In this video Alain Connes made a comment about the ,,quantum corrections'' of the geometry. I would like to understand this notion in some details since I haven't found anything about this in the literature. I'm guessing that this notion is different to the notion of so called ,,inner fluctuations'' of the metric (see for example this discussion) and unlike the inner fluctuations, quantum corrections is less understood. So making the long story short my question is

What are quantum corrections of a geometry?

EDIT: Let me be a little bit more precise. One of the highlights of noncommutative geometry is that it can reproduce the complicated Lagrangian of the Standard Model from the so called *spectral action* and can be seen as pure gravity on some slightly noncommutative space of the form $M \times F$. Here $F$ is not correctly defined as a set but manifests itself as a noncommutative algebra: the idea is that $F$ represents some noncommutative space. Since this noncommutativity is already present on the electroweak scale (i.e. distances approx. $10^{-16}\text{cm}$) I guess that the quantum corrections of geometry should be:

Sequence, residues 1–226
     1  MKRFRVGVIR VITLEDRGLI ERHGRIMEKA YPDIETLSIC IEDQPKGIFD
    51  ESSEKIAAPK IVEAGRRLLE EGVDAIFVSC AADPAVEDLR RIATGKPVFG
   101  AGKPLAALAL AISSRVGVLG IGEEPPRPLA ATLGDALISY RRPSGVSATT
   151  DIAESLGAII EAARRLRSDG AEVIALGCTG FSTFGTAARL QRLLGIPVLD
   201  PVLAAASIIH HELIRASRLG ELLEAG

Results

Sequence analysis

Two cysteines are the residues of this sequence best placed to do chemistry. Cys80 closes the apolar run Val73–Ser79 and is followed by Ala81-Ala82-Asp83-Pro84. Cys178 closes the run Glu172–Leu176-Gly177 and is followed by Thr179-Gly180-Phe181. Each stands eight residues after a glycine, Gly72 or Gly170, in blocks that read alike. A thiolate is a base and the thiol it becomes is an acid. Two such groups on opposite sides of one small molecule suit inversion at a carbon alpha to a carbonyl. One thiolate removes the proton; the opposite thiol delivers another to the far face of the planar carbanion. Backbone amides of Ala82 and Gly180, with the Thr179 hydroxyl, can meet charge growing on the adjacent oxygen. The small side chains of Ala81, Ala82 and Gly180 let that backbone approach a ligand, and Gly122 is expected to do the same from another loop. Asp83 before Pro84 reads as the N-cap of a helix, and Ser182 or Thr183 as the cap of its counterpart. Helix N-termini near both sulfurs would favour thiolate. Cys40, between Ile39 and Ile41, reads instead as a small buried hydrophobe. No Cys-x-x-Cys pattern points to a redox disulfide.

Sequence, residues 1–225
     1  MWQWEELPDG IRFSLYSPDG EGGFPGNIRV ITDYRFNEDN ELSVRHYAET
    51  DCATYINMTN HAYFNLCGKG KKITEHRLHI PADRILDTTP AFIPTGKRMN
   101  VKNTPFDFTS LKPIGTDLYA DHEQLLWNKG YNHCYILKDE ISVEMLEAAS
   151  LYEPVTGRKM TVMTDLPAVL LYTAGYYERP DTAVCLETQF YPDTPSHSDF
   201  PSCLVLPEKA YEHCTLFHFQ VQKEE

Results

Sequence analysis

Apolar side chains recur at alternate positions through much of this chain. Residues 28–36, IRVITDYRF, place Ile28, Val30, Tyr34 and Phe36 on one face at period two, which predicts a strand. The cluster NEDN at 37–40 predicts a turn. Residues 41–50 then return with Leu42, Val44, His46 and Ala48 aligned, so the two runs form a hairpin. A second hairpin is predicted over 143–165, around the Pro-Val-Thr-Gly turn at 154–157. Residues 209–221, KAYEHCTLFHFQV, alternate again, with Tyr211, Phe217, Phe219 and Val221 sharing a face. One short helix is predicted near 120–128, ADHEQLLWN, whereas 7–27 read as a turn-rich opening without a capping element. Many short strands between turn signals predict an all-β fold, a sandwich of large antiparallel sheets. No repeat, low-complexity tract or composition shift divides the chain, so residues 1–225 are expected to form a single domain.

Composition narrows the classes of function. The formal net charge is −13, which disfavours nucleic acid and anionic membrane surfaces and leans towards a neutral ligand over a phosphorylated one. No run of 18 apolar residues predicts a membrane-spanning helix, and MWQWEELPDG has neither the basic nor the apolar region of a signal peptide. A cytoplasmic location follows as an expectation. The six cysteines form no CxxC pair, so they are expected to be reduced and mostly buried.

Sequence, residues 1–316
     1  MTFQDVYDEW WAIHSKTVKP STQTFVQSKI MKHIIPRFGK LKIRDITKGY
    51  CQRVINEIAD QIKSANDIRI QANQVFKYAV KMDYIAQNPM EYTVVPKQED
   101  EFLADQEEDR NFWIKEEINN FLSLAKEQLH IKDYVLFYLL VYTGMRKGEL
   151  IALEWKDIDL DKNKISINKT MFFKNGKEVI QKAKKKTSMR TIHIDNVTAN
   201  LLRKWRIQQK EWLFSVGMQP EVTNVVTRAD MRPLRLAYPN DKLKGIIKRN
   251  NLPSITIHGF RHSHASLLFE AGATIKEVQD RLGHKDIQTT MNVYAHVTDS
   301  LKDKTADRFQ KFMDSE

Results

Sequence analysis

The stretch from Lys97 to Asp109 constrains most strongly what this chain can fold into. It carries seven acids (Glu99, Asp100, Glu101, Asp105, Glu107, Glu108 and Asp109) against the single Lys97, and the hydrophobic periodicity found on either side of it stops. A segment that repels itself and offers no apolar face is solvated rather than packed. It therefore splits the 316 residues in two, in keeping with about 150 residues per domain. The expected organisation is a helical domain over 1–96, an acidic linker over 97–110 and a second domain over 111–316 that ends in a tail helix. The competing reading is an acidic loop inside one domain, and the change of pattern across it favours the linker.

- already visible on this (much lower than Planck) energy scale
- understood within the context of noncommutative geometry i.e. Dirac operators and spectral triples (if we take the lesson from the Standard Model seriously).

So let me state the problem once again, this time more precisely:

How to understand quantum corrections of geometry within the context of noncommutative geometry?